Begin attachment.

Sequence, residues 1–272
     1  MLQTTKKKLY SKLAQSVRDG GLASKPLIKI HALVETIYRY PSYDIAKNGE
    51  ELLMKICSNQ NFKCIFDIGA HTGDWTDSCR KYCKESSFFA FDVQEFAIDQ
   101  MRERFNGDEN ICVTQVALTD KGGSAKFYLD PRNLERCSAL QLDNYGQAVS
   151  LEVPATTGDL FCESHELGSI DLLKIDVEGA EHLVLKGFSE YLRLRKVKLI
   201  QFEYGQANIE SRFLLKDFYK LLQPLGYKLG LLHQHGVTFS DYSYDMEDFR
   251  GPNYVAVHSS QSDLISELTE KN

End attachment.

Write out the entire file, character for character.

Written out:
Sequence, residues 1–272
     1  MLQTTKKKLY SKLAQSVRDG GLASKPLIKI HALVETIYRY PSYDIAKNGE
    51  ELLMKICSNQ NFKCIFDIGA HTGDWTDSCR KYCKESSFFA FDVQEFAIDQ
   101  MRERFNGDEN ICVTQVALTD KGGSAKFYLD PRNLERCSAL QLDNYGQAVS
   151  LEVPATTGDL FCESHELGSI DLLKIDVEGA EHLVLKGFSE YLRLRKVKLI
   201  QFEYGQANIE SRFLLKDFYK LLQPLGYKLG LLHQHGVTFS DYSYDMEDFR
   251  GPNYVAVHSS QSDLISELTE KN